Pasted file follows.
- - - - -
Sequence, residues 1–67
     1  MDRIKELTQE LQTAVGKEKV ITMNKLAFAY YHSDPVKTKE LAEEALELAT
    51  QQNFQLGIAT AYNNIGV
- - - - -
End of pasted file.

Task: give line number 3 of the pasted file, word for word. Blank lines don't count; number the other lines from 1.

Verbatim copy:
    51  QQNFQLGIAT AYNNIGV